The lobbying and law firm Patton Boggs, the city’s biggest K Street practice, laid off 30 lawyers and 35 other employees including more than 20 people in Washington, D.C., according to multiple news reports Friday.
Those laid off included associates, public policy advisers, support staff and paralegals, the firm’s managing partner Ed Newberry told the Blog of Legal Times. He noted that the move would save the firm more than $14 million.
A spokesperson for the firm did not immediately respond to an email requesting comment.
Although Patton Boggs’ financial woes extend beyond its lobbying portfolio, the shop, though it is the biggest among lobbying practices, reported a 5 percent dip in Lobbying Disclosure Act revenue between 2012 and 2011. It reported $46 million in LDA fees in 2012, according to CQ Roll Call’s Top 25 lobby shops report. In 2011, Patton Boggs brought in $48.4 million in LDA revenue.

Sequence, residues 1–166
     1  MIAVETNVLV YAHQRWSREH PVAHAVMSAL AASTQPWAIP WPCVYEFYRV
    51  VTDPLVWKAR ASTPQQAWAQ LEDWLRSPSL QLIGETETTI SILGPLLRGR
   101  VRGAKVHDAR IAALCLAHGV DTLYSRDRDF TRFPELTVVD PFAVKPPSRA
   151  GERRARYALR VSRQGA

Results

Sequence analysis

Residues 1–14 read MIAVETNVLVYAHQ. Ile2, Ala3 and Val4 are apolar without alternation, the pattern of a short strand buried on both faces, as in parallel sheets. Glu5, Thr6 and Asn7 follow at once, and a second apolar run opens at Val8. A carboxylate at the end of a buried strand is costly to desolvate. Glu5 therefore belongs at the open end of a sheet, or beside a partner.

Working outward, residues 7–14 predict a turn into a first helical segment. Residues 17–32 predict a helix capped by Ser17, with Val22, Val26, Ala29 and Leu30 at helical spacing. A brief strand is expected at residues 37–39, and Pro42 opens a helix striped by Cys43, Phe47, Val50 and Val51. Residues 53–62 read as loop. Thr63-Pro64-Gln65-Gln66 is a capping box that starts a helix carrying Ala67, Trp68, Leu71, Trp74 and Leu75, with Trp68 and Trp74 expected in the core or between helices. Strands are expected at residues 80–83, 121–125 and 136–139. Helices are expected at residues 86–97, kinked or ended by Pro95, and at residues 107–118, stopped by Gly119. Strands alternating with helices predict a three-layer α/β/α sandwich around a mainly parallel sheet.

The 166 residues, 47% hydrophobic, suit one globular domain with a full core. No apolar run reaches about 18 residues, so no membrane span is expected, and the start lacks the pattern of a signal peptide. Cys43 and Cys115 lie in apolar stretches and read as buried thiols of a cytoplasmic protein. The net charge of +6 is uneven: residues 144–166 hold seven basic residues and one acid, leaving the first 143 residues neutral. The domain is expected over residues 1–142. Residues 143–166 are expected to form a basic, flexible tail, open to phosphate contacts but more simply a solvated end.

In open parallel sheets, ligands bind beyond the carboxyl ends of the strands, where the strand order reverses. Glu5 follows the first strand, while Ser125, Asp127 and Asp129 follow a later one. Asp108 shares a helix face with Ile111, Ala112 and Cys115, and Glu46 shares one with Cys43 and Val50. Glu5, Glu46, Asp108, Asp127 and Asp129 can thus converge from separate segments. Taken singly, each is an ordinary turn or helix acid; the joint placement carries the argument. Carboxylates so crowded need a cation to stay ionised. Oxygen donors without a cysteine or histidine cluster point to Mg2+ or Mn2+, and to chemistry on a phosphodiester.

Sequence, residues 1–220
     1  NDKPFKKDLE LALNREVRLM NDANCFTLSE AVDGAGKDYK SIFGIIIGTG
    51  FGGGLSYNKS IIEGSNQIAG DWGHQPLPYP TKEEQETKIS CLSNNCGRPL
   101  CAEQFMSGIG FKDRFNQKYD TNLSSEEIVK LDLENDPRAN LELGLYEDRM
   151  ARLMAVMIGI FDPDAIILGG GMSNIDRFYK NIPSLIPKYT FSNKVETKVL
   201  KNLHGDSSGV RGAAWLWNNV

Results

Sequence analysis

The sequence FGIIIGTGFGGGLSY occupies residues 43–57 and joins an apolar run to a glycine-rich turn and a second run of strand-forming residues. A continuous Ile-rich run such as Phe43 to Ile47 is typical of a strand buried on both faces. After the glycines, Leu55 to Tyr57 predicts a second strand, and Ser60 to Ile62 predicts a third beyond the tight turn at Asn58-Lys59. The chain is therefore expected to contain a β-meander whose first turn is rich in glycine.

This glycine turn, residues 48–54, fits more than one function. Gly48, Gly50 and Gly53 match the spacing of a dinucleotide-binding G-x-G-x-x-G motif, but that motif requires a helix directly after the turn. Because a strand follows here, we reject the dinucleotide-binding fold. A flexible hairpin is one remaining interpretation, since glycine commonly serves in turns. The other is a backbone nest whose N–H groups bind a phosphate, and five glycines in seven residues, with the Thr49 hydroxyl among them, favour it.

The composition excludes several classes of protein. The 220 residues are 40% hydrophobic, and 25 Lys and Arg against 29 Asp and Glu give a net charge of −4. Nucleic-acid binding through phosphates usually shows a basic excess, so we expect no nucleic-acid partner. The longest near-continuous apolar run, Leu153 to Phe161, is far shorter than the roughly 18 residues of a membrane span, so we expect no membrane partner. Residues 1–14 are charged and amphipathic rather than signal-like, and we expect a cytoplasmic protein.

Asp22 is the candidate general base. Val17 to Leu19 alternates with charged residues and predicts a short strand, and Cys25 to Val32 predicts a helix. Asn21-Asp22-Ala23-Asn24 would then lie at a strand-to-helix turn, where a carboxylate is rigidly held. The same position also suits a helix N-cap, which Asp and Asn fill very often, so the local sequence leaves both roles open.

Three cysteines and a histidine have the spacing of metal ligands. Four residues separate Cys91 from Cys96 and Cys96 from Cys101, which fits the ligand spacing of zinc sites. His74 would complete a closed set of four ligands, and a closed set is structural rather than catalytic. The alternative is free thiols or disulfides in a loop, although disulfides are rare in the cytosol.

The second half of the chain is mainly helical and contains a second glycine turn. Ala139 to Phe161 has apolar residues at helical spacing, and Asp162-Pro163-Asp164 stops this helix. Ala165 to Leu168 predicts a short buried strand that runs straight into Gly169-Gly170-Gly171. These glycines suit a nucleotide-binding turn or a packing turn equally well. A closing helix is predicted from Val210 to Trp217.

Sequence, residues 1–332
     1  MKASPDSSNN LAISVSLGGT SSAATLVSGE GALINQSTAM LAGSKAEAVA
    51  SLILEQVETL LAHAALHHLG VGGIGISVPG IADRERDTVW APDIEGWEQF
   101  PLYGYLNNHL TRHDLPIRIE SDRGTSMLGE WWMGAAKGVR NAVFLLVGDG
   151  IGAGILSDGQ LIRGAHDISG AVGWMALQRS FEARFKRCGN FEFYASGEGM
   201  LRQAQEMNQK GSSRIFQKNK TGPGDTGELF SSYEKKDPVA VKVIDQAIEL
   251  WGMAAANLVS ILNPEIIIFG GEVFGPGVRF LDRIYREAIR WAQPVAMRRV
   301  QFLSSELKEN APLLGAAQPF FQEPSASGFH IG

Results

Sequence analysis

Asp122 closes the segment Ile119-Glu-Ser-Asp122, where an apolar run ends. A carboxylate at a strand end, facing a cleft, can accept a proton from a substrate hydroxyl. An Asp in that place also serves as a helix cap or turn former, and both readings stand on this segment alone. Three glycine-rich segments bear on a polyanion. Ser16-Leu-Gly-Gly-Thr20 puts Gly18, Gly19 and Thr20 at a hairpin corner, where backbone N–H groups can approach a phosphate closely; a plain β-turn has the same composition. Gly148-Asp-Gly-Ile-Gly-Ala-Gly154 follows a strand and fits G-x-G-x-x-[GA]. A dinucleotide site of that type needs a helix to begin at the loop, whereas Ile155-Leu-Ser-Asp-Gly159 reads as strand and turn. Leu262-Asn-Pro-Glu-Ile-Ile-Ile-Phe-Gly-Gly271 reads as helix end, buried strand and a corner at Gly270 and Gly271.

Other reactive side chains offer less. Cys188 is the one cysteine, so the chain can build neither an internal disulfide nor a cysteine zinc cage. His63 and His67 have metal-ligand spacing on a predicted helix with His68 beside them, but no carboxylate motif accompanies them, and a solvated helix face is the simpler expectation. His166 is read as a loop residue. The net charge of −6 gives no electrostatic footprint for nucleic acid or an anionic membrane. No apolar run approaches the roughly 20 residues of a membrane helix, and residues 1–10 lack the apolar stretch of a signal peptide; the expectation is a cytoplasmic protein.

An unnamed Patton Boggs partner told Reuters, which first broke the layoff news, “I think the firm is just right-sizing.”
The shop is home to former Sens. John Breaux, D-La., and Trent Lott, R-Miss., who are among the outfit’s biggest rainmakers, along with name partner Thomas Boggs.
Leaders from military and veterans service organizations joined Sens. Roger Wicker, R-Miss., Kelly Ayotte , R-N.H., and Lindsey Graham, R-S.C., at a press conference to urge the Senate to replace a provision in the budget proposal that cuts retirement benefits for veterans. Wicker, Ayotee, and Graham earlier called for a bipartisan solution to replace the $6.3 billion in cuts to military retiree benefits.
Each year since 1990, CQ Roll Call has reviewed the financial disclosures of all 541 senators, representatives and delegates to determine the 50 richest members of Congress. This year's report, derived from forms covering the calendar year 2012, shows it took a net worth of $6.67 million to crack the exclusive club.